Many advocates for juveniles believe that these clarifications open the door to a fresh challenge to the constitutionality of the execution of juveniles. The last time the Court considered the issue was in 1989, the same year that the execution of persons with mental retardation was examined. In Stanford v. Kentucky, 492 U.S. 361 (1989), a plurality of the Court upheld the constitutionality of executing 16- and 17-year-old offenders. But in recent habeas petitions that were denied certiorari, Justice Stevens stated in his dissents that "it would be appropriate for the court to revisit the issue at the earliest opportunity," ( Patterson v. Texas, 536 U.S. ___ (2002), and that the reasons supporting the prohibition of executing the mentally retarded "apply with equal or greater force to the execution of juvenile offenders," ( In re Kevin Nigel Stanford, 537 U.S. ___ (2002)), which three Justices joined.
Many believe that these comments from the Court, the new findings in the field of adolescent brain research, and the momentum over the last 14 years signal the strong possibility of a reversal of Stanford in the near future.
A truly unusual punishment
Since reinstatement of the death penalty in 1976, 28 states expressly prohibit the execution of those who committed crimes while aged 17 or younger. (In comparison, the Atkins decision found that 30 states with prohibitions were sufficient.) Of the 22 states that do permit it, only seven have carried out such executions. And of those, only two states—Texas and Virginia—have used it more than once. (Texas has executed 13 such individuals, and Virginia has executed 3.) Together, these two states account for 76 percent of juvenile executions nationwide.
In recent years, five states have banned the punishment. The Supreme Court of Washington State outlawed the practice in 1993, State v. Furman, 858 P.2d 1092 (Wash. 1993). When Kansas and New York reintroduced the death penalty in 1994 and 1995, respectively, offenders under 18 years of age were specifically exempted. In 1999 Montana banned the practice, and Indiana followed suit in 2001. In the states of Arkansas, Florida, and Texas such legislation passed in one branch of the state legislature before stalling in the other. In 2001, New Hampshire’s legislature passed a bill abolishing the death penalty altogether.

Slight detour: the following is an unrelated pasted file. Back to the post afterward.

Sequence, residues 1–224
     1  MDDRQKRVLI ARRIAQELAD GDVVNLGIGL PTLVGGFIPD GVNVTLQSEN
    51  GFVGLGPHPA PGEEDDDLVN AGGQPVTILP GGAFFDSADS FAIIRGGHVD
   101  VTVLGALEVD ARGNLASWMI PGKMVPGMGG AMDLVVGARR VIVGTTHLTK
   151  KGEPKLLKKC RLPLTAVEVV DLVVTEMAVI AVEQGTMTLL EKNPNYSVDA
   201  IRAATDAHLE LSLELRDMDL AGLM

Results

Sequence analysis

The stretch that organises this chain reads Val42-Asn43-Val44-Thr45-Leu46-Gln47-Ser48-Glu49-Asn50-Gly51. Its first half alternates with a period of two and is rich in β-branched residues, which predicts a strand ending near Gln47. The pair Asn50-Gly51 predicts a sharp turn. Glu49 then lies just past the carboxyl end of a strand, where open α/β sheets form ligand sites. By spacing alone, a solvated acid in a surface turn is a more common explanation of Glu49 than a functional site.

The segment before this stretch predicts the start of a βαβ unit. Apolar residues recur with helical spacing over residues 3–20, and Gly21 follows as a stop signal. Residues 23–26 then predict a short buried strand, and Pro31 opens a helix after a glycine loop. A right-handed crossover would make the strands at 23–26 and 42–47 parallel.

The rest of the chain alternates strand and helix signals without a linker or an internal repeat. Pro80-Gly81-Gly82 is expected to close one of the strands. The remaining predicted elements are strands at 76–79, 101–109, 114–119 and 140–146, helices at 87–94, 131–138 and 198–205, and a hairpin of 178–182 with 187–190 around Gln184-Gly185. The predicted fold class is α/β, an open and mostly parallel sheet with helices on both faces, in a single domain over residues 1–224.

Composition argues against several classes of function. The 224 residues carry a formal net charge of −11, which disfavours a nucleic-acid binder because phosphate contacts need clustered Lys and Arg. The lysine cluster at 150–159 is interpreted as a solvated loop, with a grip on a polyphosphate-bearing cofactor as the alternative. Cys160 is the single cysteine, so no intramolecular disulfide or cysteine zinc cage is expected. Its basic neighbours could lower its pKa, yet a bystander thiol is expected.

Similar legislation to exclude juveniles from the death penalty is currently under consideration in more than 10 states, a demonstration that momentum opposing the practice continues to gain speed.
Evidence of a consensus is supported further by public opinion. A May 2002 Gallup poll found that although 72 percent of Americans support the death penalty in general, only 26 percent supported it for juveniles (69 percent opposed.) The poll also found that support for the death penalty in general has fluctuated between 45 percent and 72 percent in the past 40 years, while support for the juvenile death penalty has always remained low.
An international consensus
In the last decade, the United States has executed more juvenile offenders than all other nations combined. According to Amnesty International, only one other government, Iran, currently sanctions juvenile executions. Last year, the United States was the only country in the world to carry out these executions (all in Texas). The practice has resulted in harsh criticism by the European Union, the United Nations, and a number of U.S. allies.
This criticism is drawn from a body of international law to which the United States takes exception. The United Sates is the only major government that has failed to sign the UN Convention on the Rights of the Child, and it takes specific exception to portions of the International Covenant on Civil and Political Rights that deals with the execution of those who were minors when they committed their crimes. In October 2002, the Inter-American Commission on Human Rights, an arm of the Organization of American States, ruled that when the United States imposed the death penalty on Mexican national and juvenile offender Michael Domingues, the country violated the norm of jus cogens; that is, the world community considers the practice gravely inconsistent with prevailing standards of decency, as evidenced by a preponderance of law and practice among developed nations, particularly those of the Americas.